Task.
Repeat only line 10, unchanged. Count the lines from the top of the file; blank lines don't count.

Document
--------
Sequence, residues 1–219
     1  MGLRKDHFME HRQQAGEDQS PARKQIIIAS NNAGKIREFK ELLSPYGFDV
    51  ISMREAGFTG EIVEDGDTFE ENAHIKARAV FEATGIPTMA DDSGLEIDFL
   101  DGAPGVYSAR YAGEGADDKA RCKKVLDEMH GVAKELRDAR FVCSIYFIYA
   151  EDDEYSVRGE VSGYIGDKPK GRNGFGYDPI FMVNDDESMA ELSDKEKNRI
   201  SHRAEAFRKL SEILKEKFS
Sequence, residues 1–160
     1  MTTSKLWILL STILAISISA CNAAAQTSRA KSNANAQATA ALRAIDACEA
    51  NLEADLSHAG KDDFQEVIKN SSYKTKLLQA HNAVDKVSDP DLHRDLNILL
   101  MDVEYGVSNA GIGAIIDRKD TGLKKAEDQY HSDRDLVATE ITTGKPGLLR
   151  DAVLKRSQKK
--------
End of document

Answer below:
   101  MDVEYGVSNA GIGAIIDRKD TGLKKAEDQY HSDRDLVATE ITTGKPGLLR